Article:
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Management of Spontaneously Ruptured Hepatocellular Carcinomas in the Radiofrequency Ablation Era

  • Tan To Cheung ,

    tantocheung@hotmail.com

    Affiliation Department of Surgery, Queen Mary Hospital, The University of Hong Kong, Hong Kong, China

  • Ronnie T. P. Poon,

    Affiliation Department of Surgery, Queen Mary Hospital, The University of Hong Kong, Hong Kong, China

  • Kenneth S. H. Chok,

    Affiliation Department of Surgery, Queen Mary Hospital, The University of Hong Kong, Hong Kong, China

  • Albert C. Y. Chan,

    Affiliation Department of Surgery, Queen Mary Hospital, The University of Hong Kong, Hong Kong, China

  • Simon H. Y. Tsang,

    Affiliation Department of Surgery, Queen Mary Hospital, The University of Hong Kong, Hong Kong, China

  • Wing Chiu Dai,

    Affiliation Department of Surgery, Queen Mary Hospital, The University of Hong Kong, Hong Kong, China

  • Thomas C. C. Yau,

    Affiliation Department of Surgery, Queen Mary Hospital, The University of Hong Kong, Hong Kong, China

  • See Ching Chan,

    Affiliation Department of Surgery, Queen Mary Hospital, The University of Hong Kong, Hong Kong, China

  • Sheung Tat Fan,

    Affiliation Department of Surgery, Queen Mary Hospital, The University of Hong Kong, Hong Kong, China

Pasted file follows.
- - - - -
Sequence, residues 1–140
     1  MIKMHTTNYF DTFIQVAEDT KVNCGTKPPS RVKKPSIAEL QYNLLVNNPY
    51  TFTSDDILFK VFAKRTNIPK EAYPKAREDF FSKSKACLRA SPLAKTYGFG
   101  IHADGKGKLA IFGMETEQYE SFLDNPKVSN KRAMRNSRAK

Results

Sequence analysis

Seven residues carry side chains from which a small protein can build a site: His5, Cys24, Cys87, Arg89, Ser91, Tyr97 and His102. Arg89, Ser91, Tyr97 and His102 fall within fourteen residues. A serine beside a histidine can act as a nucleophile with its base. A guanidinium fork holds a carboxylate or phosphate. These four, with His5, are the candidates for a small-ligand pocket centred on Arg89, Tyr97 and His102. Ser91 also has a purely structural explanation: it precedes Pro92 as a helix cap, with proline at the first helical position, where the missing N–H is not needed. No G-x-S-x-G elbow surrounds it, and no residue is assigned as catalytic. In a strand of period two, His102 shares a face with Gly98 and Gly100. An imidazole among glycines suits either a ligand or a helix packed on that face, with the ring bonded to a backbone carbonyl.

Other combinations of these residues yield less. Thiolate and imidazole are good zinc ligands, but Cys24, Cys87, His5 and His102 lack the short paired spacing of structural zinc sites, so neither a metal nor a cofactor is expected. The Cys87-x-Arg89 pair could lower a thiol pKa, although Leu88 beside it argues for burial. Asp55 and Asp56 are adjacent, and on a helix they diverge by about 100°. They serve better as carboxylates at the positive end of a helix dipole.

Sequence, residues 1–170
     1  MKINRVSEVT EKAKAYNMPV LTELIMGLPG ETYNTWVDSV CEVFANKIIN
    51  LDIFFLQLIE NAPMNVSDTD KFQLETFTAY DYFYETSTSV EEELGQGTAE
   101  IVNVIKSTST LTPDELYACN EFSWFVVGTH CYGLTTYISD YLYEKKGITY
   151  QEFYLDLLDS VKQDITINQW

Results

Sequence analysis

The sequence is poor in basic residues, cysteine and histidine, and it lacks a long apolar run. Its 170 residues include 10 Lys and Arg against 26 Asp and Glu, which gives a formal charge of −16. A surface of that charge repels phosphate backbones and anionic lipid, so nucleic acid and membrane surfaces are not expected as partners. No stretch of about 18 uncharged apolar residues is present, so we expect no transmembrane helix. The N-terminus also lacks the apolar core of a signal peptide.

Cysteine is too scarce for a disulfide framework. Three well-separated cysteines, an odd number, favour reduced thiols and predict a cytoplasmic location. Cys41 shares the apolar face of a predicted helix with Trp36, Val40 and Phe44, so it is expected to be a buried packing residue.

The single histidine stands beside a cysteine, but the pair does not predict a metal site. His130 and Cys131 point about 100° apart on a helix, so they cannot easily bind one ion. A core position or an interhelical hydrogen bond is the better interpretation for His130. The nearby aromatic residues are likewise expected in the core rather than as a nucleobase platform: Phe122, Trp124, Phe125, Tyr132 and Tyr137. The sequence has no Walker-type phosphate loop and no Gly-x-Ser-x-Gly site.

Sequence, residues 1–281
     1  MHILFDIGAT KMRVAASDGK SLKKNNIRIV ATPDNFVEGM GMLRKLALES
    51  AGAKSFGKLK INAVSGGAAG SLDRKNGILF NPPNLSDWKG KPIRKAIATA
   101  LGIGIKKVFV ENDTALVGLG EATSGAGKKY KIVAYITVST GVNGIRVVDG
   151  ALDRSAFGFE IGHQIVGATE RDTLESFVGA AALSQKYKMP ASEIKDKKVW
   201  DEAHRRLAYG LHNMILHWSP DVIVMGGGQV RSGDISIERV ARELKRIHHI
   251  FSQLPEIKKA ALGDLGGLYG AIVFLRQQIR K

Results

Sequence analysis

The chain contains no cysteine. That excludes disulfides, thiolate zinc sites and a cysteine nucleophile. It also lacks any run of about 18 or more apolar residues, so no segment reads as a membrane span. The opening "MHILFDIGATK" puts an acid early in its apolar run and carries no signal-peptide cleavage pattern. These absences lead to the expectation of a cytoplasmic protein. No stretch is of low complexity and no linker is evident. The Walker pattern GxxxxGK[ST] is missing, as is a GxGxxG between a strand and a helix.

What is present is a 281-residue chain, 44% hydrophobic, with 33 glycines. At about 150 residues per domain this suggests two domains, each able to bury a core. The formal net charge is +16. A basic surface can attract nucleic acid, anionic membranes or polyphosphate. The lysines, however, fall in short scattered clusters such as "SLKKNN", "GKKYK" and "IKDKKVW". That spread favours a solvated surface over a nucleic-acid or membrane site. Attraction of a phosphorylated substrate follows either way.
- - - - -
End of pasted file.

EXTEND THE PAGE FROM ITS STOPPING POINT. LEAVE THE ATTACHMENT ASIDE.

• Chung Mau Lo

    Affiliation Department of Surgery, Queen Mary Hospital, The University of Hong Kong, Hong Kong, China

Management of Spontaneously Ruptured Hepatocellular Carcinomas in the Radiofrequency Ablation Era

  • Tan To Cheung, 
  • Ronnie T. P. Poon, 
  • Kenneth S. H. Chok, 
  • Albert C. Y. Chan, 
  • Simon H. Y. Tsang, 
  • Wing Chiu Dai, 
  • Thomas C. C. Yau, 
  • See Ching Chan, 
  • Sheung Tat Fan, 
  • Chung Mau Lo
PLOS
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Correction

29 Jul 2014: The PLOS ONE Staff (2014) Correction: Management of Spontaneously Ruptured Hepatocellular Carcinomas in the Radiofrequency Ablation Era. PLOS ONE 9(7): e103921. https://doi.org/10.1371/journal.pone.0103921 View correction

Abstract

Background and aim

Spontaneous rupture of hepatocellular carcinoma (HCC) carries a high mortality. The use of radiofrequency ablation (RFA) in recent years has enriched the armamentarium for hemostasis of spontaneously ruptured HCCs but its results have not been documented. This study investigated the prognosis and outcome of spontaneous rupture of HCC as well as the results of using RFA for hemostasis.

Patients and method